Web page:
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Friday May 2, 1975
. . . where the 1970s live forever!

News stories from Friday May 2, 1975


Summaries of the stories the major media outlets considered to be of particular importance on this date:

  • President Ford intends to authorize the admission of 30,000 more South Vietnamese refugees into the United States, bringing to 123,000 the number that will be allowed to settle in this country, the State Department said. The 30,000 were discovered aboard 26 South Vietnamese naval ships and are being escorted to safety by United States ships in the South China Sea, State and Defense Department officials said. [New York Times]
  • The first Vietnamese refugees to be flown to a processing point in the United States beyond the West Coast arrived at Fort Chaffee, an Army post in northwest Arkansas, and were welcomed by civilian and military officials. Many of them were English-speaking professionals. Six other planes arrived throughout the day, bringing a total of 490 refugees. About 21,000 are expected to be processed at the post. [New York Times]
  • The White House announced that President Ford, on his coming European trip, would meet not only with President Anwar Sadat of Egypt in Salzburg, but would also make visits to Spain and Italy to bolster ties with those key Mediterranean countries. [New York Times]
  • The nation's unemployment rate rose in March even though the total number of employed persons increased for the first time since last September, the Labor Department said. At 8.9 percent of the total labor force, after allowing for normal seasonal factors, the unemployment rate was the highest since 1941, when it averaged 9.9 percent for the year. The number of jobless persons totaled 8.2 million in March, a rise of 3.3 million since the steep decline in the economy began last August. [New York Times]
  • The Right Rev. John Allin, the Presiding Bishop of the Episcopal Church in the United States, was cited for contempt of an ecclesiastical court for failing to appear, despite a subpoena, at the trial of the Rev. William Wendt. Father Wendt is accused of disobeying his bishop by allowing the Rev. Alison Cheek, one of 11 women ordained to the Episcopal priesthood last July, to celebrate communion at his church in Washington. [New York Times]
  • Senator James Buckley, surrounded by anxious ship workers and executives at the old Brooklyn Navy Yard, said he had received "strong, strong assurance" in Washington of a federal loan guarantee that could restore 3,000 jobs at the depressed Seatrain shipworks in the yard. Senator Buckley said a $40 million loan guarantee, awaiting final approval by the Ford administration, would enable Seatrain to resume work on two supertankers that was halted when the tanker market plummeted. [New York Times]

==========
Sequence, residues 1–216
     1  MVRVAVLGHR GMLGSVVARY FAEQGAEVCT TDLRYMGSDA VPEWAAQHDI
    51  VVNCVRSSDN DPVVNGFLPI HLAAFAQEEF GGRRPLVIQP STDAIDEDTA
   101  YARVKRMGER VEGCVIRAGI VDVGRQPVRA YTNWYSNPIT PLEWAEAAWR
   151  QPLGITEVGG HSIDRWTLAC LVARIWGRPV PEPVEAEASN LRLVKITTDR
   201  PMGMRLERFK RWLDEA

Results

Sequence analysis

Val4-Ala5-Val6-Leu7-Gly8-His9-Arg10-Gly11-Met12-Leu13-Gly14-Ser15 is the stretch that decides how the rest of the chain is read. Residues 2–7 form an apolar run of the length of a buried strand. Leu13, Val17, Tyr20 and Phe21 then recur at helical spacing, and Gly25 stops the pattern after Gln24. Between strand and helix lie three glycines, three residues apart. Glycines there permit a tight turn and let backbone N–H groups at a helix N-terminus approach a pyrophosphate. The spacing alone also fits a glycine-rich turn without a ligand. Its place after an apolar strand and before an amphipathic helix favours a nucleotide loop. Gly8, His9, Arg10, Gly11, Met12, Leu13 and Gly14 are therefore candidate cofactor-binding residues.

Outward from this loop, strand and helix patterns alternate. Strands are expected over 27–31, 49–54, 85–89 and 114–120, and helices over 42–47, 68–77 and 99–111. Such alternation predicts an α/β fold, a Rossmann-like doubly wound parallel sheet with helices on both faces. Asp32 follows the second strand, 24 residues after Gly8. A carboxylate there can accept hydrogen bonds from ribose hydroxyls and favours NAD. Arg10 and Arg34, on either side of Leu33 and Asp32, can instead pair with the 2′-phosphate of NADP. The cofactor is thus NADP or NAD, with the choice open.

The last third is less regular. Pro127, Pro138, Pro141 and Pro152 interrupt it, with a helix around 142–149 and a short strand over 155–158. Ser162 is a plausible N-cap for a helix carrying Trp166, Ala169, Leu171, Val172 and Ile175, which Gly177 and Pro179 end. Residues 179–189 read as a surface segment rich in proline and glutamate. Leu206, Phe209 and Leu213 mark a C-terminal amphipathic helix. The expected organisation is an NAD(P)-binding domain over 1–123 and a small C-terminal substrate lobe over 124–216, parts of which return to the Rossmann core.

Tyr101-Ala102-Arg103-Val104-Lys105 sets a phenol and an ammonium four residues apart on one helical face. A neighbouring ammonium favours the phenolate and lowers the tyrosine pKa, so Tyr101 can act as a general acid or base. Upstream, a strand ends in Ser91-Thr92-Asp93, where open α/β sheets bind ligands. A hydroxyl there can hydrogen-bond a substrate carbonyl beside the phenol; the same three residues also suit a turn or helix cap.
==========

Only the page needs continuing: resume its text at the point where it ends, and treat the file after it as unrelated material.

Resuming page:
• About 500 foreigners who had been stranded in the French Embassy in Phnom Penh arrived at the Thai border after a four-day journey in open trucks. The seven journalists, including Sydney Schanberg of The New York Times, were the first to cross. The French Military attache in Thailand said that about 100 of the foreigners had been left behind temporarily apparently because of lack of transportation. [New York Times]
  • The Saigon headquarters of the South Vietnamese labor movement was reportedly seized by 3,000 workers as the revolutionary authorities continued the reorganization of all aspects of national life. The Saigon radio, monitored in Bangkok, said that a revolutionary trade union organization was being formed. The old labor chief, Tran Quoc Buu, was branded a traitor. [New York Times]


Stock Market Report

Dow Jones Industrial Average: 848.48 (+17.52, +2.11%)
S&P Composite: 89.22 (+1.12, +1.27%)
Arms Index: 0.66

IssuesVolume*
Advances95916.87
Declines4955.76
Unchanged3692.58
Total Volume25.21
* in millions of shares

Arms Index is the ratio of volume per declining issue to volume per advancing issue; a figure below 1.0 is bullish.

Market Index Trends
DateDJIAS&PVolume*
May 1, 1975830.9688.1020.66
April 30, 1975821.3487.3018.06
April 29, 1975803.0485.6417.74
April 28, 1975810.0086.2317.85
April 25, 1975811.8086.6220.25
April 24, 1975803.6686.0419.05
April 23, 1975802.4986.1220.04
April 22, 1975814.1487.0926.12
April 21, 1975815.8687.2323.96
April 18, 1975808.4386.3022.61


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